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05 December 2016


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Chris Chuba

"Finally, in a historical context, quite a number of countries have been devastated by war in the past 20 years -- from the Balkans to Africa, from the Near East to Central Asia. Effective reconstruction has been surprisingly limited, the only obvious major exception being Lebanon" - Visitor

The success of rebuilding seems to track how strong of a national identity those countries had more than anything else. If by central Asian you mean Afghanistan, we have poured hundreds of billions of $ and it is a highly fragmented country, as are the Balkans and many parts of Africa. Syria used to have a strong national identity and I suspect that it will emerge as one again, especially after purging many of their worst elements.

On a separate topic, in 6 mo's or so, it might be amusing (at least to me) to compile a list of predictions about Syria that ended up being wrong.

The Twisted Genius


The first time I saw someone stick his rifle over the wall and let fly with a full magazine was in a news report about the Marine defense of Hue. Yeah, it's crazy shit, but it happens. I've see such things many times after that. That crazy SAA bastard who jumped out in the middle of the street, hosing down the area with his PKM from the hip was at least dancing around so a sniper couldn't draw an easy bead on him. Yeah, he was crazy too, but sometimes the heat of battle can make you full of bat shit crazy, death defying courage. Think of it as an extreme version of FIDO.


Consider the possibility that he may have been playing up for the camera. To my inexperienced eye, the rest look like an efficient, well drilled team.


"Al-Qaeda commanders negotiating surrender in Aleppo, Jihadi stronghold collapsing," by Alexander Mercouris: http://theduran.com/breaking-al-qaeda-commanders-negotiating-surrender-in-aleppo-jihadi-stronghold-collapsing/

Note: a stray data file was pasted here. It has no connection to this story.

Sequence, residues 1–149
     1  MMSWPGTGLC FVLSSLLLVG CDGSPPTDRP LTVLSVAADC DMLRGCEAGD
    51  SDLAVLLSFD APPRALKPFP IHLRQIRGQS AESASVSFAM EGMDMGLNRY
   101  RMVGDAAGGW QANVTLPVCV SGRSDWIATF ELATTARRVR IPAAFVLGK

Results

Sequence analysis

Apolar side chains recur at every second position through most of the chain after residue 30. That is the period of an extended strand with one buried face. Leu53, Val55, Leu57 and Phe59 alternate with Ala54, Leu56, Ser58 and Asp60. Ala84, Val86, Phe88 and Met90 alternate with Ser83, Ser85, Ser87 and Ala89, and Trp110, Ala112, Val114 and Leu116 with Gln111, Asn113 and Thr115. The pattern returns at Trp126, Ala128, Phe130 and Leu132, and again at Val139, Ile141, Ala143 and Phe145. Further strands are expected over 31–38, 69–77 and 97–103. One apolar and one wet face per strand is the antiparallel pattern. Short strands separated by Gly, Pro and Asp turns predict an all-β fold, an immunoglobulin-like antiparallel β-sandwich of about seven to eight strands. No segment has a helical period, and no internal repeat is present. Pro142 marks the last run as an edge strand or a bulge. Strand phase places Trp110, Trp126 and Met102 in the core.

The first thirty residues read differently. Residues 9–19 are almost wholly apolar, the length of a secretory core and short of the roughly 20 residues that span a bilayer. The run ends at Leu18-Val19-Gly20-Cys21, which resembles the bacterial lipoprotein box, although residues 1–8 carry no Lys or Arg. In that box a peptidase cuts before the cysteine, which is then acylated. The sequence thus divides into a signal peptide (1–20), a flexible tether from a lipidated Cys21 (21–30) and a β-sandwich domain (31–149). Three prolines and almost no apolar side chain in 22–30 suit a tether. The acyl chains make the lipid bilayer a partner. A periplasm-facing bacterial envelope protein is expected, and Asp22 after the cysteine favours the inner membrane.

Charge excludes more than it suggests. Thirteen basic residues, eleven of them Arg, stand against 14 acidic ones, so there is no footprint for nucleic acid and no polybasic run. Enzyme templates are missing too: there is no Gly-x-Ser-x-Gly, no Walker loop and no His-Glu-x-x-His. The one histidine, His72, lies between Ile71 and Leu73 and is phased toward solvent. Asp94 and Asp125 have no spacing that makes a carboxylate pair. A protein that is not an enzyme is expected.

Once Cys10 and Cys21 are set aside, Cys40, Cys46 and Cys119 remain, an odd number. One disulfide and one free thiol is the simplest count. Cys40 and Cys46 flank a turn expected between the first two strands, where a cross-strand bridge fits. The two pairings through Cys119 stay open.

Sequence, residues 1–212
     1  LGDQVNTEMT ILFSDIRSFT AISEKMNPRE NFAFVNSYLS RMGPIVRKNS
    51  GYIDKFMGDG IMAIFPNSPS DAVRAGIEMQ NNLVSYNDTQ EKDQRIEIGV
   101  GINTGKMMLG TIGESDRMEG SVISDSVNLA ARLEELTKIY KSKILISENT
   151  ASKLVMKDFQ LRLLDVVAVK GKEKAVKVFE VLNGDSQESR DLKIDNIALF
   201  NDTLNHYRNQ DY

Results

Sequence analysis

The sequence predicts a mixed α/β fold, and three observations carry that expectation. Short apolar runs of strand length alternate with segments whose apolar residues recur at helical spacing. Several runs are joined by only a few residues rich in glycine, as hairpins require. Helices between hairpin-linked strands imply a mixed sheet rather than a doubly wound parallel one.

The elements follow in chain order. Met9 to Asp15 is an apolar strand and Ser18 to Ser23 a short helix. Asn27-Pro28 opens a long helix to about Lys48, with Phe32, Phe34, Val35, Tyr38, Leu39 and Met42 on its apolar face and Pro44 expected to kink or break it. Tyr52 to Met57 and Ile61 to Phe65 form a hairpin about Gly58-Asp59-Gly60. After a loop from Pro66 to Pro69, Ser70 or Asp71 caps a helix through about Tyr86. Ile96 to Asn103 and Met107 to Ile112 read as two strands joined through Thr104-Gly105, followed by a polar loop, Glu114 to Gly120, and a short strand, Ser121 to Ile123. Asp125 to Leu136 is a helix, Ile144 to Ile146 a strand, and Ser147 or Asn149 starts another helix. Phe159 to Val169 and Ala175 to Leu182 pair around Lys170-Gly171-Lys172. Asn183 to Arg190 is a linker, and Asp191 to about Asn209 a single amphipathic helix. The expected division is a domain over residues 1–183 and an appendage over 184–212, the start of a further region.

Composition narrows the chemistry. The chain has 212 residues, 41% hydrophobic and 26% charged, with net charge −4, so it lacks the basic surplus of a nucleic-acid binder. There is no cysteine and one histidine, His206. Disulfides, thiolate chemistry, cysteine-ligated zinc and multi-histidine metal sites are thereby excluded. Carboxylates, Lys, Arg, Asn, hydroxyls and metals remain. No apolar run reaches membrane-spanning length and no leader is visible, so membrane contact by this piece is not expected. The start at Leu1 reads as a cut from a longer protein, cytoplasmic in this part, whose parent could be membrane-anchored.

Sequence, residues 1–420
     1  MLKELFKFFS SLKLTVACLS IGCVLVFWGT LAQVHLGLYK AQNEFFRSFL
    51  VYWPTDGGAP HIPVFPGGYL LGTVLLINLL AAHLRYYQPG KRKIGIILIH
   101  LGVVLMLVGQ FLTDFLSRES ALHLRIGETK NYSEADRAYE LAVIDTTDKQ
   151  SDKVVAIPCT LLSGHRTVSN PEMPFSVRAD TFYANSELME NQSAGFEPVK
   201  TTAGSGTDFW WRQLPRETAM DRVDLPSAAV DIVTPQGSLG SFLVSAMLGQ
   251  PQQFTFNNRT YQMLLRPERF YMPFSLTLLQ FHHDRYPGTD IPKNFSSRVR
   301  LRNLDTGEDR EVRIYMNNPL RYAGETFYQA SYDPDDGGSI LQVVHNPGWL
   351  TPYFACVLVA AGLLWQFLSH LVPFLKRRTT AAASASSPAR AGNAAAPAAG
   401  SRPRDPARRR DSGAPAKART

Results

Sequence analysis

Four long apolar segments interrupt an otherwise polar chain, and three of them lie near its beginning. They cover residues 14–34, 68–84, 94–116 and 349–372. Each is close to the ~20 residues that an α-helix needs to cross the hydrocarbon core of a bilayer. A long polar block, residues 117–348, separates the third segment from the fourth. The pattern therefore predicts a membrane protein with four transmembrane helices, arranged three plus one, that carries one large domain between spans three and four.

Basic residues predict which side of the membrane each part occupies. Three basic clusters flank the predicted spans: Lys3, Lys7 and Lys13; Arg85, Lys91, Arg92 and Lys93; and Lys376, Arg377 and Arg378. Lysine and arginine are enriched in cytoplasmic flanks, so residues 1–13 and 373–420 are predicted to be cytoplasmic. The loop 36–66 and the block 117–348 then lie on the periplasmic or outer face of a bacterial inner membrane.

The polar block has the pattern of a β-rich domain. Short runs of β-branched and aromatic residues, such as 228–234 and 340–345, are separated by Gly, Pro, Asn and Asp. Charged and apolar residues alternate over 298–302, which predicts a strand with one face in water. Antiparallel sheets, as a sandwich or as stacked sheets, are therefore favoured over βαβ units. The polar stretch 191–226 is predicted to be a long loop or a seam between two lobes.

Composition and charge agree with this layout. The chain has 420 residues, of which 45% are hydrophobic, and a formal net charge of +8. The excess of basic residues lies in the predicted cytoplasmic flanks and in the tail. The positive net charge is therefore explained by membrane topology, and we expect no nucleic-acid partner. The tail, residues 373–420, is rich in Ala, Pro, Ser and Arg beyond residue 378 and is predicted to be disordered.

This is tremendously good work.

The Jihadis' entire eastern perimeter is gone.

approaching along the line the Colonel suggested.


But I cannot find matters related to the news item to the American flag. Did they simply get matters wrong concerning a Russian Colonel, who died and somewhat doubled it. Yes, the by now related source seems to suggest that. At least at this point in time.


Yes. Results matter.


very interesting video newly captured Aleppo old district.



Col. Lang,

Yes sir. Fertilizer is needed to regrow Syria.

William Fitzgerald

Pat Lang,

The Citadel is 38K for out of state cadets. My fourth class year cost $1400 including uniforms, which my grandparents were able to afford in 1958. A number like that (38K) puts the school out of the range for the general sort of families who sent their boys to school there. The same is true for public colleges and universities throughout the land.




I was also reading this AM that negotiations are being conducted to save operatives from the UK, Israel, SA. Ah, no. Fertilizer.



TTG, I recall your comments on whatever surfaced from Libya in this context. It reduced on my mind to guys slightly too exited to have a gun in their hands without the necessary training.

Recently I stumbled across a video on youtube, to the extend I recall, seemingly by someone wondering about waste. Lots of munitions around, maybe coupled with some type of ad-hoc training by shooting without perceivable enemies on the other side?


Ok, better link, didn't pay attention:


Sorry, strictly I should look more seriously into computer troubles, among other things. ... Windows API interface struggling once again?